GCC food sector is becoming increasingly attractive to Indian investors

By RJ Whitehead

- Last updated on GMT

GCC food sector is becoming increasingly attractive to Indian investors

Related tags: United arab emirates, Middle east, Saudi arabia

Gulf food processing is among the key sectors ripe for investment as India continues to strengthen its historic economic ties with the GCC, according to a new report by Alpen Capital.

The Dubai-based banking advisory firm has found that investment flows between the regions have been rising rapidly as Gulf governments continuously reform policies to attract foreign businesses. 

Sectors [including] food processing, healthcare and infrastructure seem to be the top picks for investors looking towards GCC as an investment destination​,” said Sanjay Bhatia, managing director of Alpen Capital Middle East.

We are likely to see an increase in the flow of investments between the regions the improving ties and regulatory environment​,” he added.

Last year, nearly 85% of overall Indian investment in the GCC went to the UAE, where it is the third biggest corporate spender after Britain and America.

Due to the GCC’s strategic location bridging Asia with the West, the region is increasingly being seen by Indian companies as a gateway to markets of wider Middle East and the former Soviet bloc. 

As a result, the UAE and Oman have developed themselves as re-export hubs and their potential has been increasing with growing cross-border trade, the report found.

And with an average GDP per capita of US$61,559 in terms of purchasing parity, most GCC nations rank in the world’s top-ten richest countries.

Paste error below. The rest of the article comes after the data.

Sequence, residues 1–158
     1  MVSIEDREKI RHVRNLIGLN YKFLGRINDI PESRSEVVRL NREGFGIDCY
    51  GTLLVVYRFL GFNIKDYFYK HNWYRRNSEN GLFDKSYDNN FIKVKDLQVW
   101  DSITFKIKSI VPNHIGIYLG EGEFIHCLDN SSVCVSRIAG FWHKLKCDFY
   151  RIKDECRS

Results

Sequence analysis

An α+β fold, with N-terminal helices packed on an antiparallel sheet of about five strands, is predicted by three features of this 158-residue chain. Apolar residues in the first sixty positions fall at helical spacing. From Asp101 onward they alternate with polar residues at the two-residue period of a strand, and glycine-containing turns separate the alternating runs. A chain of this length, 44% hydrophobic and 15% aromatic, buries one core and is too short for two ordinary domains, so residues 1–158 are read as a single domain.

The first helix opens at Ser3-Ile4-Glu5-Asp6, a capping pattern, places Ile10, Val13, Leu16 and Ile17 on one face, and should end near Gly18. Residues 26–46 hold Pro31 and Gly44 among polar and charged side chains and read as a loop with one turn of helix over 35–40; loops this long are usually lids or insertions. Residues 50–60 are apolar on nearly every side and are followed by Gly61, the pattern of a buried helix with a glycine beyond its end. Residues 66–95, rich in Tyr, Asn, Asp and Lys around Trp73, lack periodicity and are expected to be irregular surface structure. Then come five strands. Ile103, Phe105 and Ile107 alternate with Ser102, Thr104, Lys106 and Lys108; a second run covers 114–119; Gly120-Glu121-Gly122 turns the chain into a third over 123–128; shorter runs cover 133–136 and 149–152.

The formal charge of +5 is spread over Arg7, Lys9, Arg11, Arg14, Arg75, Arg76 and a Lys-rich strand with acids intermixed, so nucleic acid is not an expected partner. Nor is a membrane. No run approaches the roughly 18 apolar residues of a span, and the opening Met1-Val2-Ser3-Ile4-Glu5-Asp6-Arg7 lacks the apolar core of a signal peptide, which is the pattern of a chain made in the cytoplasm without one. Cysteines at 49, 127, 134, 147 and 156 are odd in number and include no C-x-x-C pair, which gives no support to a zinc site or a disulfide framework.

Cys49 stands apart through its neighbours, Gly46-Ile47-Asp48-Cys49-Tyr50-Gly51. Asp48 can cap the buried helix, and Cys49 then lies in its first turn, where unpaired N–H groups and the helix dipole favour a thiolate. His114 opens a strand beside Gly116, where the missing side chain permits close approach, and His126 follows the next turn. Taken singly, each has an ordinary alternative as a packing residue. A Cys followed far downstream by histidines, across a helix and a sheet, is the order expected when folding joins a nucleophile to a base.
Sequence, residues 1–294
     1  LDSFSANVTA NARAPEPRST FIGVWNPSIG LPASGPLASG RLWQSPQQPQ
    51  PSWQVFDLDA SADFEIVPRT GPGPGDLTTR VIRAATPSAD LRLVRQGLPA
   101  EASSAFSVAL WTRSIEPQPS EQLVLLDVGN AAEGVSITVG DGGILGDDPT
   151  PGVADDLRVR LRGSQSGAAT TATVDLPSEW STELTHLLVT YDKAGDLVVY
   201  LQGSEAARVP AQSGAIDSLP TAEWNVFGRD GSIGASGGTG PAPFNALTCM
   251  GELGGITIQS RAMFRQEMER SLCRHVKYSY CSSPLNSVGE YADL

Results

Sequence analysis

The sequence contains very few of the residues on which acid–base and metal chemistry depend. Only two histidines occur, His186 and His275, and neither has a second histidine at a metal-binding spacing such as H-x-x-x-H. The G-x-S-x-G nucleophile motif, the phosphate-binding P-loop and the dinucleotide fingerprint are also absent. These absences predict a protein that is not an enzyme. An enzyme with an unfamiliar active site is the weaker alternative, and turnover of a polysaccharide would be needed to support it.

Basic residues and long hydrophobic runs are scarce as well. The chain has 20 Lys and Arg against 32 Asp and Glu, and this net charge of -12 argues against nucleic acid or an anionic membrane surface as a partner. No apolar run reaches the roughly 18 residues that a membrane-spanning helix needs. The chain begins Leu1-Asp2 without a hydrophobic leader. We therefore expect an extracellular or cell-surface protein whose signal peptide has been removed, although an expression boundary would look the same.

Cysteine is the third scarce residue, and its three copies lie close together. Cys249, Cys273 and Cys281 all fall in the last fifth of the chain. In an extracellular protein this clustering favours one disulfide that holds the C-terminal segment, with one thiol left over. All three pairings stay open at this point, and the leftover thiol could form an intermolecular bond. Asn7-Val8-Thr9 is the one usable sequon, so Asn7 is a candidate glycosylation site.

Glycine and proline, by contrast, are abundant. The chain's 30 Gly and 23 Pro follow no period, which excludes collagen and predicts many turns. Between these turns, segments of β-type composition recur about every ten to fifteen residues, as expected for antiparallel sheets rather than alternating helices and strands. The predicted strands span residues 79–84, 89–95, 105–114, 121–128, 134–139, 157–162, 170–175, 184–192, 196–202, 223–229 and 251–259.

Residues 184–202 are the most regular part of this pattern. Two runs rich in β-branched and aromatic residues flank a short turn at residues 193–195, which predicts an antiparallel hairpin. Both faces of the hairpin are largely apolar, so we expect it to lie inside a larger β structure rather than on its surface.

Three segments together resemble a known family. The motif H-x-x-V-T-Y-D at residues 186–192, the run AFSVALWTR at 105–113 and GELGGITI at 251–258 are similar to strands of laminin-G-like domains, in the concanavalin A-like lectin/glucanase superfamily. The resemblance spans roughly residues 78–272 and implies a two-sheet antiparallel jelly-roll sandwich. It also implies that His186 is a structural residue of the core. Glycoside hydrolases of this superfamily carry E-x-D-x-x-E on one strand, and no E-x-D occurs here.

According to PWC, snacks, spreads, prepared meals, and ready-to-drink beverages make up the four most promising food and beverage categories for investment in the GCC.

The global professional services firm’s research department found that highly innovative companies are not present yet in large numbers in the GCC, and those that are should be seen as targets for acquisitions and joint ventures.

Their findings showed that 40% of the top 50 most innovative snack companies in the region, characterised by the number of new products they launch, had no presence in Saudi Arabia for example.

For RTD beverages, meals, and spreads, that number increases, to 74%, 80% and 84% respectively.

The food and beverage industry in the GCC is at an inflection point​,” wrote the report’s authors.

Companies that target their investments smartly “will be able to capitalise on this unique opportunity​,” they added.

Related topics: Markets, Middle East, South Asia, Supply chain

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